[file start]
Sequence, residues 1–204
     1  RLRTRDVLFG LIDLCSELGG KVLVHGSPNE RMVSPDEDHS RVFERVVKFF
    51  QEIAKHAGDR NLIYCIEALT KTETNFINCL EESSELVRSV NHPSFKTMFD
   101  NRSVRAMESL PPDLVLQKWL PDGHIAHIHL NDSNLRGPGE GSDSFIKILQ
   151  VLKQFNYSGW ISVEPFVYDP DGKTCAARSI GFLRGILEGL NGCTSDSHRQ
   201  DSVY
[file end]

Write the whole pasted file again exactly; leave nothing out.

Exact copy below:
Sequence, residues 1–204
     1  RLRTRDVLFG LIDLCSELGG KVLVHGSPNE RMVSPDEDHS RVFERVVKFF
    51  QEIAKHAGDR NLIYCIEALT KTETNFINCL EESSELVRSV NHPSFKTMFD
   101  NRSVRAMESL PPDLVLQKWL PDGHIAHIHL NDSNLRGPGE GSDSFIKILQ
   151  VLKQFNYSGW ISVEPFVYDP DGKTCAARSI GFLRGILEGL NGCTSDSHRQ
   201  DSVY